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Quadra 840AV no video or chime


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Hi all,

My Quadra 840 AV which I recently acquired from the roadside, has no video output, chime, or hard drive.

There was a note attached to it that said it needed a new PRAM battery, so I replaced that.

Still no chime, most likely because of the missing HDD.

I remembered I had a 50 pin SCSI hard drive from a Classic II that wasn't working, so I tried using that to terminate the SCSI cable.

It would start up, seek the HDD, wait 20 seconds, seek again, and would continue in that fashion until I turned it off. Yet again, no chime.

I don't have the caddy for the CD ROM drive,so I have no way of booting with that, but I think the floppy drive works, though I'm not sure how to boot from that.

 

I'm pretty much at a loss here, I don't know what to try next, so that's why I thought I'd ask here.

 

Thanks,

-Alec

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Reseat the RAM (and VRAM if it has any), pull any NuBus cards out, disconnect everything on SCSI and try again. This eliminates other things which could be interfering (SCSI bus conflicts etc.). Then re-add things if it works.

 

Maybe even try a PRAM zap when you turn it on (hold Command-Option-P-R as it boots)

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Reseat the RAM (and VRAM if it has any), pull any NuBus cards out, disconnect everything on SCSI and try again. This eliminates other things which could be interfering (SCSI bus conflicts etc.). Then re-add things if it works.

 

Maybe even try a PRAM zap when you turn it on (hold Command-Option-P-R as it boots)

 

I forgot to mention that I reseated the RAM and VRAM both of which had four cards in the slots.

As for NuBus cards there are none.

So what you're saying is disconnect all the SCSI devices and try to boot without any plugged in?

Also, I've tried a PRAM zap and putting it in standard TV mode, since I don't have a 15 pin to VGA adapter.

 

One more thing, how do I boot from a floppy?

 

Thanks,

-Alec

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Hi Alec,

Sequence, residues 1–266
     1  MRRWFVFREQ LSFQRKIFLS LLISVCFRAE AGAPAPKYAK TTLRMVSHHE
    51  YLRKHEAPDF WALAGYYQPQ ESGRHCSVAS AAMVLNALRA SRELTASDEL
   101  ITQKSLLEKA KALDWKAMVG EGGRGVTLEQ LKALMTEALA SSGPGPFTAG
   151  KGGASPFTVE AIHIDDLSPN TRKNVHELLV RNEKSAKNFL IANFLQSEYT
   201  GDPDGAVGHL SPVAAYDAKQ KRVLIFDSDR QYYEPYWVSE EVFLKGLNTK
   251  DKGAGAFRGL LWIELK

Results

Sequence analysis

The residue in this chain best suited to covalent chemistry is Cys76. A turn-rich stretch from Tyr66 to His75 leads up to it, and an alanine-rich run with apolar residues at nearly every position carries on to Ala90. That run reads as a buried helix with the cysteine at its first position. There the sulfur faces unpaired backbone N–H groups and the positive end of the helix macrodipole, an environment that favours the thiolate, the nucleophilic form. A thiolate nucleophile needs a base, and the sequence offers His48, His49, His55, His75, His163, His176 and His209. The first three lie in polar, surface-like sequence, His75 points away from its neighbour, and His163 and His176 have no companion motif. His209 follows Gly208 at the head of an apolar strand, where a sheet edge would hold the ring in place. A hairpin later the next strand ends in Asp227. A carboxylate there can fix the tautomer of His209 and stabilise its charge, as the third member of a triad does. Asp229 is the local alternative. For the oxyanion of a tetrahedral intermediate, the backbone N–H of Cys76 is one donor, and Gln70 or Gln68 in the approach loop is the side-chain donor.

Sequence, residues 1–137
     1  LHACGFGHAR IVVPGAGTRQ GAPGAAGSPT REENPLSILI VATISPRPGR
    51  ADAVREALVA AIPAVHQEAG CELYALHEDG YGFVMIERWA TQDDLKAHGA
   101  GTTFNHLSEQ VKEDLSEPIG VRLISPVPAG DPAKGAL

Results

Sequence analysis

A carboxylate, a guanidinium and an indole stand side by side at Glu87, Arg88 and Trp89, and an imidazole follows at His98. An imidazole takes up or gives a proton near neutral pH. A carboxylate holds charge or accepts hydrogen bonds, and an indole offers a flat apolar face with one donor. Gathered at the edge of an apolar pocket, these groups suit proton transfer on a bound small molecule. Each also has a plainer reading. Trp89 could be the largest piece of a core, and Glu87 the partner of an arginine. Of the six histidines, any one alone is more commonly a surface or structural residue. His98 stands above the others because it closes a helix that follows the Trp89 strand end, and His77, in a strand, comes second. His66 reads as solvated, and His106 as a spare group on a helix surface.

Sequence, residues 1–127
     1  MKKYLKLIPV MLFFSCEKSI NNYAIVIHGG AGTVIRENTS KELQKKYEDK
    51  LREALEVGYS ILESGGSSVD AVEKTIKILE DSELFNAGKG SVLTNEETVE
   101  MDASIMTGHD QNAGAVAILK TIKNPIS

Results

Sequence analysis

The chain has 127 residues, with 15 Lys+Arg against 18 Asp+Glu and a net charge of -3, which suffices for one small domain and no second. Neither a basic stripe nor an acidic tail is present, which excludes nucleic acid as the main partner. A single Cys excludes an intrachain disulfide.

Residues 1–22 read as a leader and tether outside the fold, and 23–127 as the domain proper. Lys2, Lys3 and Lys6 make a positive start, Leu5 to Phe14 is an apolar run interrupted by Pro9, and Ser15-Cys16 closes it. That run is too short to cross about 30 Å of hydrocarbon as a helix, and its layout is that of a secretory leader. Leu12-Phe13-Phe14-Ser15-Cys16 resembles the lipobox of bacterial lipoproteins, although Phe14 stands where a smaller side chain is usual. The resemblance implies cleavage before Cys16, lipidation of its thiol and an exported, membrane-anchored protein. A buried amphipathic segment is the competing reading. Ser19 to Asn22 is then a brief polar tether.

You should get a chime at startup regardless of the absence of a hard disc. I don't have a Q840av, but I start with the bare minimum (as little RAM as possible, no cards, only fans plugged in) and progress up from there. You are going to need a DB15 to VGA adapter and a SCSI CD player. Actually, get a CD-burner (like a Yamaha 4416). They can be useful.

 

You need a bootable floppy. There are many on the Macintosh Garden. System 7.5 should work well. Do you have another old Mac wirh which you could make the boot floppy? If so, burn yourself a copy of the System 7.5 and Mac OS 8.1 CD images from the Macintosh Garden on your Internet mac. Then using the Apple program DiskCopy on your other mac (if one exists), make yourself a floppy of the Disk Tools disk.

 

Alternatively, I think that BigMessOWires has System floppies for sale on his website. I'm sure that someone on this forum would you make you some, if you asked nicely.

 

I'm not sure that I understood what you said about the internal SCSI. The bus must be terminated, but it is almost always done with a jumper on the internal device. Look for the phrases 'TPR' or 'Term'.

 

Lastly, be open to the possibility that something on your motherboard has died and that you may need to get the board recapped.

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Hi Alec,

 

You should get a chime at startup regardless of the absence of a hard disc. I don't have a Q840av, but I start with the bare minimum (as little RAM as possible, no cards, only fans plugged in) and progress up from there. You are going to need a DB15 to VGA adapter and a SCSI CD player. Actually, get a CD-burner (like a Yamaha 4416). They can be useful.